What we cannot do is create a laundry list of past decisions and definitively conclude these are all responsible for downtown’s turn around. Take the convention hotel, for example. I’m really glad the old hotel at the SE corner of 9th & Washington was incorporated into the project. The former lobby makes for a stunning restaurant (An American Place). But did we have to close off St. Charles street with the monolithic parking garage in the process? The convention hotel has struggled to make its debt payments and reserves have been nearly depleted. Occupancy rates, however, are increasing. In the end it probably was a good decision to supplement the convention center with a hotel — we had to do something to save it. But this does not mean that the final design was the best choice to make — that different design decisions might have connected more of downtown together and had better results.

We are in a time when people are simply bored with their lives in the suburbs. The baby boomers dutifully raised their children in the ever expanding suburbs — it was perceived as the right thing to do and their parents certainly approved. But now their kids have families or are perhaps off to college so those boomers don’t need the big house on a half acre lot anymore. They are finally ready to have some fun, travel, walk and see things. The kids of the boomers, having grown up in the burbs, are also seeking a more interesting lifestyle. They are staying single longer and waiting to have kids longer than their parents and grandparents generation. As a result, suburban municipalities across the country are scrambling to build walkable town centers to keep a hold on their tax base. These suburban areas, like Creve Coeur in the St. Louis region, is realizing they cannot survive simply on large single family detached homes, the occasional apartment complex and the arterial lined with generic strip centers. Suburban communities that once placed minimums on the size of residential units are dropping or lowering them so that people can stay in the area but still be able to downsize. St. Louis’ Mayor Slay did not create these conditions.

Of course you can’t blame the Mayor for attempting to put a good PR spin on changing demographics that are naturally working in the city’s favor. Part of his job is to market the city and a major past obstacle has been about perception. The Slay administration, to their credit, has been working overtime to change the perception of downtown and the city. Unfortunately, they’ve done nothing to change the perception of how business is conducted. If anything, they’ve reinforced negative ideas about back room deals and he with the most money gets what they want.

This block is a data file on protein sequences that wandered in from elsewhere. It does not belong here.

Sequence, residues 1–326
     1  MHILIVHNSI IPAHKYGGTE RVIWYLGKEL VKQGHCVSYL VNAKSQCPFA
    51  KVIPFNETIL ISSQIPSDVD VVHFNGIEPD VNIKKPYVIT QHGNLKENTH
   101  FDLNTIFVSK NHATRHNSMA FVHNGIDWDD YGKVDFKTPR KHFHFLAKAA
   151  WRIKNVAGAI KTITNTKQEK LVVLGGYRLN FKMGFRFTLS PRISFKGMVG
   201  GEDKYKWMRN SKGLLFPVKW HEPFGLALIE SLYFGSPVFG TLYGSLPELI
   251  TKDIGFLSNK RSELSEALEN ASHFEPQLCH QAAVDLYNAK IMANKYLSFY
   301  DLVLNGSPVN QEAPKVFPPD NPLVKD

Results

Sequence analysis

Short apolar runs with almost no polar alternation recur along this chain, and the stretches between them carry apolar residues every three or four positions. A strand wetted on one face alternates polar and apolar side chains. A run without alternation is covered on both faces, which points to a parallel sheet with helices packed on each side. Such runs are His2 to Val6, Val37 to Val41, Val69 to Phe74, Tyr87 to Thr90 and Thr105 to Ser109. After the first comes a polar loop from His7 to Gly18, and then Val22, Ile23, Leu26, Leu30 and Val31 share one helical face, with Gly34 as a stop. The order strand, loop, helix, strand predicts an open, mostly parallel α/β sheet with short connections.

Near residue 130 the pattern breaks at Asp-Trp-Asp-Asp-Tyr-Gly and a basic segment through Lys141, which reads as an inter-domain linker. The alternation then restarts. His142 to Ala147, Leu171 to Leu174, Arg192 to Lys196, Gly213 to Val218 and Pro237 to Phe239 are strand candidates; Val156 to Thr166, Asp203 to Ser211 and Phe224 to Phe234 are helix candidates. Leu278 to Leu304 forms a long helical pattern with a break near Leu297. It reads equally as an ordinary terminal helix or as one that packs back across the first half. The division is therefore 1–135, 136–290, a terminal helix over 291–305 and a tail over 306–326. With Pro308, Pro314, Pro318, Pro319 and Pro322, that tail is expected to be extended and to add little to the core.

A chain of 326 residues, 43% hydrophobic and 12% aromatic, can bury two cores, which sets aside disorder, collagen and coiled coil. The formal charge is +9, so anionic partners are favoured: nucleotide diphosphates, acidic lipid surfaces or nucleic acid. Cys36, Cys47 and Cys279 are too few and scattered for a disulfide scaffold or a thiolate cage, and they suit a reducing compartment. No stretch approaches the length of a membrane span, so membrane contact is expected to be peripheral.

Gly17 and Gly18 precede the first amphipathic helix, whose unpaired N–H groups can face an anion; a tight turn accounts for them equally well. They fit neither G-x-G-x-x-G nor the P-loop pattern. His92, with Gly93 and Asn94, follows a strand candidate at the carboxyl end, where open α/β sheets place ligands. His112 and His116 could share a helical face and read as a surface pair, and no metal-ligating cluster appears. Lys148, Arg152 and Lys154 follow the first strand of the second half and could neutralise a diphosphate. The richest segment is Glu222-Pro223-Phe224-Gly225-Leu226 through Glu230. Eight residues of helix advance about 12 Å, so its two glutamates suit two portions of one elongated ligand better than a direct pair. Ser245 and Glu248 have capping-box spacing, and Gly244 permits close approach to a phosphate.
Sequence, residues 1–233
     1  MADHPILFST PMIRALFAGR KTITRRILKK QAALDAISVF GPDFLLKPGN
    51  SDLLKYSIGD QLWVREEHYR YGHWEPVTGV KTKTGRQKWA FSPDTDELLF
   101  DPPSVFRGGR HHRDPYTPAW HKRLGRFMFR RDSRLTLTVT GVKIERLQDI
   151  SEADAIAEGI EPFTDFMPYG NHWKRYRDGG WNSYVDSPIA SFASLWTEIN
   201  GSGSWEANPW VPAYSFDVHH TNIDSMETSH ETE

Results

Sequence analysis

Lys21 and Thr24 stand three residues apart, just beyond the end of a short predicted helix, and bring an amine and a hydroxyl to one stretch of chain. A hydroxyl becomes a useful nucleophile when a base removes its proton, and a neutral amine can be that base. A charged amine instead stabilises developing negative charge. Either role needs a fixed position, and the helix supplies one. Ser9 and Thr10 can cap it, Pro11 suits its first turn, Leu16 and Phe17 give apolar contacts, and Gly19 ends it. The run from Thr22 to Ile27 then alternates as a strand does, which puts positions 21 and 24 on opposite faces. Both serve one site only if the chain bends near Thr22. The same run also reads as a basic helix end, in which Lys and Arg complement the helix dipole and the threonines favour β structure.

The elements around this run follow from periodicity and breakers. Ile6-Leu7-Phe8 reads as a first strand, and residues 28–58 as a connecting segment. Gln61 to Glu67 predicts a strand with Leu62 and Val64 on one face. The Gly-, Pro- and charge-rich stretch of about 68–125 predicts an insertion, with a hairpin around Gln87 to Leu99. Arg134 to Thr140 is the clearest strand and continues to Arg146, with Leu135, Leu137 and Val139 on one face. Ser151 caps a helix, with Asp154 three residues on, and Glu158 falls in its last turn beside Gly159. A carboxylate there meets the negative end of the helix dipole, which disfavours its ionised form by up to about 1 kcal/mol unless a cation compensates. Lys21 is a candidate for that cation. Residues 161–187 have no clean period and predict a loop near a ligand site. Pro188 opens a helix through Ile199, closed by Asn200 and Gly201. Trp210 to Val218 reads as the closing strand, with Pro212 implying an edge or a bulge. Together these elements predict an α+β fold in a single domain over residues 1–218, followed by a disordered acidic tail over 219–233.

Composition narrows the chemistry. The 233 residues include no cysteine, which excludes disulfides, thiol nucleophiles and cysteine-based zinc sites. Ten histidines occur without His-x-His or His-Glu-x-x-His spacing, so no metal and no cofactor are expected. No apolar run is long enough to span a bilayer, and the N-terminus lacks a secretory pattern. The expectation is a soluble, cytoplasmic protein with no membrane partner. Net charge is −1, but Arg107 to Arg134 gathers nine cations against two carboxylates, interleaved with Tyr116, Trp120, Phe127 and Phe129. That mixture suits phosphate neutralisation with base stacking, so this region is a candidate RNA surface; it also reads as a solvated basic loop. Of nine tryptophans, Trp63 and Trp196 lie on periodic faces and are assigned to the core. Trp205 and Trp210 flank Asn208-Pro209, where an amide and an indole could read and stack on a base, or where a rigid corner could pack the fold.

Back to Ballpark Village and Centene. We all knew, several years ago, that something was going to get constructed on the site of the old stadium. The Cardinals would never leave a big hole next to their new stadium. The Cardinals, developer Cordish, the City and the State have been in continual discussions about the various components and how much of the tab the tax payers should fund for developing this private land.  One of the things that has annoyed me is the claim of it being six city blocks in size.  I took exception to that, saying it was only 3 city blocks — 3 blocks east to west and one block north to south —Broadway (5th) to 8th and Walnut to Clark.  I wasn’t around when the street grid changed back in the 60s so I looked at a map from a recent used book to prove my point.  Turns out, I didn’t know about Elm.


I’ve circled the area above that is the Ballpark Village site.  Clark used to jog a bit at 7th.  Clark, if you recall, was closed from 1966-2006 with the previous stadium.  With the current stadium Spruce, formerly open, is now closed.  But as you can see in this pre-urban renewal map, a street called Elm used to run between Clark and Walnut.  So originally it was divided into five blocks, not three and not six.  Given the shape of Clark today — going around the north edge of the stadium, the total area is a bit less than it was back in the day.  Also, I suspect that Elm was sorta like St. Charles Street or Lucas St — more of a wide alley.  Elm was obliterated during the massive urban renewal project in the 1960s when basically everything in the area was wiped away.

The difference however, was that back in the days of active cities the buildings turned outward toward the public streets.  All the indicators I have of BPV is that it will be like a mall only without a roof — it will focus inward.  But who can blame it?  To the east and west are the sterile stadium parking garages. To the north is the back side of the two-blenders on a base hotel.

Ballpark Village, with or without Centene, was going to need delivery areas.  Where will this end up?  Not in the center food court!  And certainly not along Clark next to the stadium.  No, Walnut and Broadway will likely take the brunt of the docks and trash receptacles.  Walnut will likely be no more pleasant than it is today.

And a year ago we were told of the 250 condos and 1,200 parking spaces in Phase 1 (view PDF of handout).  Now it is zero condos and 1,750 parking spaces!  The city’s new math.  And are these spaces underground?  Of course not, they are out in full display along the north edge of the inwardly focused site.   The jobs created was listed at 1,969 with salaries totaling $54.5 million (an average of just under $28K/year).  Why was this important?  To illustrate how much additional tax revenue the city would bring in due to earnings tax — $545,000/yr based on their estimates.